The Astro Robot was not expected this year even though there had been earlier leaks about a secret project. Astro looks like a pretty capable and interesting product for the home but it is not clear robots will become more than a novelty for device aficionados. Amazon has demonstrated strong capabilities in delivering products that consumers adore and doing it at a competitive price point. Maybe Amazon’s Astro will succeed where its forebearers have failed.
Number 9 – Val Kilmer Gets a New Synthetic Voice
Val Kilmer lost his natural speaking voice due to throat cancer. Sonantic gave him a synthetic replica based on recordings from his career in film. This was just one of the more high-profile stories around synthetic voices which were a big story overall in 2021 and merits the top 10 designation as a category. Veritone, Replica, and Supertone all had well covered announcements in the space and many startups raised funding.
The rise in virtual humans, the emergence of metaverses, speech quality improvement for a variety of commercial applications, and use as voice prostheses for people with vocal medical conditions all led to increased attention to this segment that had previously taken a backseat in voice AI. This looks like a market to watch in 2022 as well provided the companies in the space can figure out a sustainable growth model that so far has been elusive.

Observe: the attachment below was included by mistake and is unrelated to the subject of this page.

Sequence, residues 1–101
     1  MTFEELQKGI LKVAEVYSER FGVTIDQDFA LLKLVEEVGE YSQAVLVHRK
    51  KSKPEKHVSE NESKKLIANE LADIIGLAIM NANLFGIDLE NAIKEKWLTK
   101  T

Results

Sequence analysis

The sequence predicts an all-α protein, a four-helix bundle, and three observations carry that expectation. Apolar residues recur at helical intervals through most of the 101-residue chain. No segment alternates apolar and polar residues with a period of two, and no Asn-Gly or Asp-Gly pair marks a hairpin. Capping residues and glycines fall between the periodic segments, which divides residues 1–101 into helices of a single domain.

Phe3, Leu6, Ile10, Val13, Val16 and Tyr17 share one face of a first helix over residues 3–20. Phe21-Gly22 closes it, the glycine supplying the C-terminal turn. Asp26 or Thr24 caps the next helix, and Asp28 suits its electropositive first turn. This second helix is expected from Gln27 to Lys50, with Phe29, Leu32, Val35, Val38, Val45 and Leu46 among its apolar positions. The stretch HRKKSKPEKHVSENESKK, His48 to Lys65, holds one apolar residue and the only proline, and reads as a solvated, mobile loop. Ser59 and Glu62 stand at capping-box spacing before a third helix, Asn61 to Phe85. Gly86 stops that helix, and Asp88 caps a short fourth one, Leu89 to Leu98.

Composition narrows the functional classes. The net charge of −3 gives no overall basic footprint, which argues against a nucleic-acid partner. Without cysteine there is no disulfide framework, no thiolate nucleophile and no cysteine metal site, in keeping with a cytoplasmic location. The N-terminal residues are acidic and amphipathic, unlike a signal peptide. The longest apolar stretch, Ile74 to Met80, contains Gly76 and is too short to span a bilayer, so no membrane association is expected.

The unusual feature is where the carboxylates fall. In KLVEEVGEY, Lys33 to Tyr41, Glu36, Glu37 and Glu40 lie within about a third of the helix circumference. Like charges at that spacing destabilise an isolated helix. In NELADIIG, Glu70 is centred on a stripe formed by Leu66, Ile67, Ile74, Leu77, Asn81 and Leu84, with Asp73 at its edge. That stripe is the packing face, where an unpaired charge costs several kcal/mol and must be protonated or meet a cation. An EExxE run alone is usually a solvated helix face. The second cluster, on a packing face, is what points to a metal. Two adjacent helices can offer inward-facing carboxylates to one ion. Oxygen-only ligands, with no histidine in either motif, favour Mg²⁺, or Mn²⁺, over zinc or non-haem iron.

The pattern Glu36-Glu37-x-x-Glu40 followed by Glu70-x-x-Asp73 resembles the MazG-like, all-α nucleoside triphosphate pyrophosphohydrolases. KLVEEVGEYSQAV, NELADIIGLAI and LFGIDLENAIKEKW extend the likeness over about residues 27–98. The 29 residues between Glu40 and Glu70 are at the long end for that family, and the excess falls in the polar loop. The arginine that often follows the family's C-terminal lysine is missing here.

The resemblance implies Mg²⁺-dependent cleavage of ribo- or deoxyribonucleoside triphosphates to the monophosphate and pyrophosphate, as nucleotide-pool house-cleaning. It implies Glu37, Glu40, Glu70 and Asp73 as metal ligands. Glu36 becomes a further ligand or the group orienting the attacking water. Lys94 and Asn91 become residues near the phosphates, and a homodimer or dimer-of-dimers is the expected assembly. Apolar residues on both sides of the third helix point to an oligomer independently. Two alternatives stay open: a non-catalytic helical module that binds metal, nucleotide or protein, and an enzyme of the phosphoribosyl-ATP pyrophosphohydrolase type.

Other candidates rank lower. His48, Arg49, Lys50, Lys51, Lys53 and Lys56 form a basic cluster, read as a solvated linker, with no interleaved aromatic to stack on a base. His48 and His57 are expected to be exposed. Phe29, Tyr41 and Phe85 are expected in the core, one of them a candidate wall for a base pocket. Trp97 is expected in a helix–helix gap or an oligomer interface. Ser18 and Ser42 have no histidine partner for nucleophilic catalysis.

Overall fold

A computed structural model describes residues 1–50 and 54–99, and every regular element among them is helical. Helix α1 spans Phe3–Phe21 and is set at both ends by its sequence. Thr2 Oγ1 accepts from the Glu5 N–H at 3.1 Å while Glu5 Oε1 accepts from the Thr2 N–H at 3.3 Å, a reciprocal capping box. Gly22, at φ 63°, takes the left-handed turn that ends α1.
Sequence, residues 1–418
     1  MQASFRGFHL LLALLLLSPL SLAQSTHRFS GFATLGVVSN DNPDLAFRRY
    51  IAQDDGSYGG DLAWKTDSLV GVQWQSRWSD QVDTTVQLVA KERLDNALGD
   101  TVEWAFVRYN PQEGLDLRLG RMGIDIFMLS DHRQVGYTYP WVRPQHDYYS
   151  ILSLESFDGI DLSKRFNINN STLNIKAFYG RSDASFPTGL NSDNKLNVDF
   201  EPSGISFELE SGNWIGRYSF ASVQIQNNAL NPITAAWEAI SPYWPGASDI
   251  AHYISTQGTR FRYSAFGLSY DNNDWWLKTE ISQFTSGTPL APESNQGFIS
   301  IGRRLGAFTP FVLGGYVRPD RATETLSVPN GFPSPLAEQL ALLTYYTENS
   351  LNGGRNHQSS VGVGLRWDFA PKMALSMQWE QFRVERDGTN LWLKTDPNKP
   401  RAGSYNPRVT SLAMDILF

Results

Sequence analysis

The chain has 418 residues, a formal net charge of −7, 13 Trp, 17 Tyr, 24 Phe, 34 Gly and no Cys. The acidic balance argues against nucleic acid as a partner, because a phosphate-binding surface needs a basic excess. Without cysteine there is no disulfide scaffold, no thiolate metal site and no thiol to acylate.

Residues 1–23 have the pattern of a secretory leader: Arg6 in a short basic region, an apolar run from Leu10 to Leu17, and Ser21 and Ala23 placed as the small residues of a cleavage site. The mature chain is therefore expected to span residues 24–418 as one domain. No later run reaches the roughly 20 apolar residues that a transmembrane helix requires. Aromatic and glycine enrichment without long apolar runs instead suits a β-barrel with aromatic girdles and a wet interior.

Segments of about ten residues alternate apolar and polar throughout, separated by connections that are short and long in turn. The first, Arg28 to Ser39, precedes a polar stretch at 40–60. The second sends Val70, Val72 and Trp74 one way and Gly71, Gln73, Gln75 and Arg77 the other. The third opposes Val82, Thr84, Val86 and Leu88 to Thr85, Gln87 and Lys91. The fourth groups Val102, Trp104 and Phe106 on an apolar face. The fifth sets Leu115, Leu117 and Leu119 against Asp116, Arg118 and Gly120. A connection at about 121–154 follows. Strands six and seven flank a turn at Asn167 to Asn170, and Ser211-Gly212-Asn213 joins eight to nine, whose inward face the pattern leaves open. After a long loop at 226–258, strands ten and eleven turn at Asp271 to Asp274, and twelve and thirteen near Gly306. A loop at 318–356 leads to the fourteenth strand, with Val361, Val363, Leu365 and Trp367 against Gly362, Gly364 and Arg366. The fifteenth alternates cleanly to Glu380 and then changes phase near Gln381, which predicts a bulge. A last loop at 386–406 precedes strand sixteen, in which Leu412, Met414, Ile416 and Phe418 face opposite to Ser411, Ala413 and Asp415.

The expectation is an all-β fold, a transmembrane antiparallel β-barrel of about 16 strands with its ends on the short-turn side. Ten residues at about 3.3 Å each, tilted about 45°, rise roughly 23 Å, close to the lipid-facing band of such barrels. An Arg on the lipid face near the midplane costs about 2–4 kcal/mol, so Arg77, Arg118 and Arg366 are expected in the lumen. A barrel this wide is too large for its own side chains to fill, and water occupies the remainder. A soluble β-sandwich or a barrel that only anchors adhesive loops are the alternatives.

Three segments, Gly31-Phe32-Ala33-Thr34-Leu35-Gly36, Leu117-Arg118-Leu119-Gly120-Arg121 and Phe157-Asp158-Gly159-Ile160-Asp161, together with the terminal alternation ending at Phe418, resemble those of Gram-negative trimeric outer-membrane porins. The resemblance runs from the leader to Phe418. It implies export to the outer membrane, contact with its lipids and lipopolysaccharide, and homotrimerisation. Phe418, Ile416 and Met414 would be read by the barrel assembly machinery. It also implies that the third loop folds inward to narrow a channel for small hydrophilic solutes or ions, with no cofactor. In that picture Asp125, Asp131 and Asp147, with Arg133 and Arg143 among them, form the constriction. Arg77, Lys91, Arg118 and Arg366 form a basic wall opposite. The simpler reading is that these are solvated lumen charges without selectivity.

Number 8 – Cerence Introduces Drive 2.0 and Cloud Services
Cerence delivered a new platform for interactive services, including voice assistants, that was a significant departure from its legacy architecture. Drive 2.0 is an extensible platform that includes easy integration to Cerence and third-party cloud services and onboard applications. Automakers have been interested in a more flexible solution for integrating outside services for some time and were increasingly looking for integration with popular third-party consumer services.
While other competitors in the automotive voice assistant market also serve other industry and consumer segments, Cerence is 100% focused on automaker solutions. This year, the company also extended its solutions to two-wheelers to significantly expand the market for transportation-orientation voice solutions.
Cerence Announces Drive 2.0 Release, New Cloud Services, Updated SDK, Performance Improvements, and Differentiation from Other Assistants
Number 7 – Ford Commits to Android Automotive OS
It looked like Cerence was about to once again wrap up the in-car voice assistant market that it previously dominated for two decades. SoundHound’s automotive momentum that began in 2018 appeared to be waning as was Amazon’s Alexa adoption by automakers. Group PSA made a deal in 2020 to adopt Google Android Automotive OS (GAAS) but the automaker was not displacing its incumbent providers so the commitment was unclear. In February, Ford said it would include GAAS and Google Assistant across its product lines in 2023.